CNN’s Viral Milk Segment Gets Inflation Completely Wrong

On Thursday, CNN aired a segment about the Stotlers, a large family that says they are feeling the effects of inflation. The segment is five minutes long but is entirely about the family grocery shopping. CNN host Brianna Keilar teased the segment in a tweet with a quote from the Stotlers that claimed a gallon of milk has gone from $1.99 to $2.79 recently and, because the large family buys 12 gallons of milk a week, “that’s a lot of money.”

The CNN segment is striking a nerve online in part because “12 gallons of milk a week” is an eye-popping number (the Stotlers have nine kids, they say), and in part because people have been obsessed with inflation over the last several months, and whether or not it is “transitory”—that is, a short-term situation caused by supply chain disruptions, the reopening of the economy after COVID-19 lockdowns, and the general rebound to “normal” after a year in which economic activity was depressed for several months. The Consumer Price Index shows people are indeed paying more for a lot of items, especially for used cars (a result of the shortage in new cars) and gas (which was at abnormally low prices last year). But the milk example makes no sense, because the price of milk has barely risen. 

If the Stotlers’ milk price increase really was due to inflation, that would be a 40 percent jump. Indeed, that would be big, if true, as they say. But that is not what is happening with dairy prices. Ironically, dairy is actually benefiting from among the lowest rates of inflation at the moment, with the BLS reporting dairy prices have risen just .6 percent over the last 12 months. That’s actually slightly less than the targeted annual inflation. 

If the price of a gallon of milk actually increased 80 cents, that would result in the Stotlers spending 38 dollars more a month on milk, to be precise. But, like most everything else the Stotlers say about food prices in the segment, it is not backed up by inflation data.

While it is certainly possible the Stotlers recently bought a gallon of milk for $1.99 and now the gallon of milk costs $2.79, this doesn’t mean the price difference is due to inflation. Milk prices are generally volatile, with some regions like Florida more prone to milk prices being all over the place than places like New York. It also follows a distinctly seasonal pattern, according to researchers at the Cornell Program on Dairy Markets and Policy, with prices rising in the fall and declining in the spring.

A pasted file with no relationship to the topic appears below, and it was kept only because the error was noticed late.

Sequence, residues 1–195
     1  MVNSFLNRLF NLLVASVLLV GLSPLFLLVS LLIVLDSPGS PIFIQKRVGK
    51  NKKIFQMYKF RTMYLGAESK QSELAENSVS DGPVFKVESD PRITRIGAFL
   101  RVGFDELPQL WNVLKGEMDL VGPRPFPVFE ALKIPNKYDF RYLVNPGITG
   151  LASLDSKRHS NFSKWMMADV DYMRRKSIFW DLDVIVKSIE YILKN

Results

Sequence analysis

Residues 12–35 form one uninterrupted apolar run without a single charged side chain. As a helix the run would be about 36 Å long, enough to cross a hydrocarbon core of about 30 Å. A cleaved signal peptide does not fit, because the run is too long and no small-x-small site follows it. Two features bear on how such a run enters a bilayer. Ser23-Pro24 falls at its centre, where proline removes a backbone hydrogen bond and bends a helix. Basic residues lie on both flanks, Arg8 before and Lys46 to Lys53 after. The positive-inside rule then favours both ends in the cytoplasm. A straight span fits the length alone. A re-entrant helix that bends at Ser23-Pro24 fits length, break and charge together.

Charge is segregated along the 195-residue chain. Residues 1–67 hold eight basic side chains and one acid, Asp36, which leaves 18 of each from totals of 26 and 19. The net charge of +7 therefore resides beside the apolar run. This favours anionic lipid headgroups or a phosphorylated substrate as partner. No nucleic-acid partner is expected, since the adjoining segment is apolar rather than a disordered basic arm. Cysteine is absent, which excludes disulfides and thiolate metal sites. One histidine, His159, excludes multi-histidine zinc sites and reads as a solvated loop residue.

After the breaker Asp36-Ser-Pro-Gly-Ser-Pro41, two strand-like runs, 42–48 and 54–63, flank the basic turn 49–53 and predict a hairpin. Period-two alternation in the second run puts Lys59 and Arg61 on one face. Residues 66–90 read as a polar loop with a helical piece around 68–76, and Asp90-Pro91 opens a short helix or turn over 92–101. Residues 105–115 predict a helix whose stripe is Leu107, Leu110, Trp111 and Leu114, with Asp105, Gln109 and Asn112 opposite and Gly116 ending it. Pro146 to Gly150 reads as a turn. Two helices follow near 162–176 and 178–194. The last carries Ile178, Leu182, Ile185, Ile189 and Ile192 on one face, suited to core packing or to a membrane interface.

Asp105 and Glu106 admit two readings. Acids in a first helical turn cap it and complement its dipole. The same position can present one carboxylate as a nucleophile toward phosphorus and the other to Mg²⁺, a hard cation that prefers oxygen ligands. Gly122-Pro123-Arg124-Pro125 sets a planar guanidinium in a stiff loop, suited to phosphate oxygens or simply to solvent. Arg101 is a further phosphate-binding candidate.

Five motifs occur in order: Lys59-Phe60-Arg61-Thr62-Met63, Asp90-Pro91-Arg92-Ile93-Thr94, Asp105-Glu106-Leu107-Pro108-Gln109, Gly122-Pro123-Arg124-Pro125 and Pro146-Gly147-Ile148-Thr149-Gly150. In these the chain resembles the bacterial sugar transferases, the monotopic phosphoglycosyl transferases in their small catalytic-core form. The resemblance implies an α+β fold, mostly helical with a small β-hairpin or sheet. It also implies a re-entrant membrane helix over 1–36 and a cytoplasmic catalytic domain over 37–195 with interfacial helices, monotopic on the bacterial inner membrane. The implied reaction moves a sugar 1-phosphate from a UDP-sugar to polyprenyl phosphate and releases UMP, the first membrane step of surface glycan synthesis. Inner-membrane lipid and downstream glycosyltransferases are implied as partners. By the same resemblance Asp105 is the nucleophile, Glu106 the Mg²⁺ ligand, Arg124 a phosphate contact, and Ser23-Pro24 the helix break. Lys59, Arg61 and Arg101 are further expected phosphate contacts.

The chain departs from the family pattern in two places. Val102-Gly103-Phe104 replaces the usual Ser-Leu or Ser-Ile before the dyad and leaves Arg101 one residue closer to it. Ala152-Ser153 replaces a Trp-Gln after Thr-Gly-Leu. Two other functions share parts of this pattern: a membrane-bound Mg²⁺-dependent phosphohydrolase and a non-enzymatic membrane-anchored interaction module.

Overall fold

But it’s not just about milk. While food prices are increasing, they’re not doing so at an especially alarming rate. According to the most recent Consumer Price Index released by the Bureau of Labor Statistics, food prices have indeed gone up a bit, with grocery store prices up 4.5 percent year over year. A healthy rate of inflation is typically regarded as around one to two percent. But it’s also far from crisis levels. By way of comparison, food prices rose 20 percent in 1973 and 12 percent in 1974. 

Still, even if the Stotlers aren’t quite getting inflation right, they’re inadvertently getting another economic measure spot on, a metric called  Consumer Sentiment. It is a survey the Federal Reserve conducts to find out how people are feeling about the economy. This may sound frivolous for the serious business of measuring the economic health of the U.S., but it’s an important metric. If people are optimistic, they will typically spend more, especially big-ticket items like new houses and cars and vacations, because they feel good about their ability to pay it off. If they’re pessimistic, they might be more hesitant to do so, which is bad for the economy. Consumer Sentiment is really low right now, about the same level it was in April 2020 when most Americans were in some form of lockdown.

The Stotlers may be wrong about the significance of random milk price fluctuations, but their angst over inflation and the general state of the economy is shared by millions of other Americans. That collective angst is affecting not just the outcomes of elections but also the economy as a whole. 

It is precisely the set of circumstances that accurate news reporting can help alleviate, with relevant context and expert sources alleviating unfounded fears. Unfortunately, the CNN segment does none of that, presenting everything the Stotlers say as fact, serving as little more than an expensive parrot repeating viewers’ biggest fears back at them.

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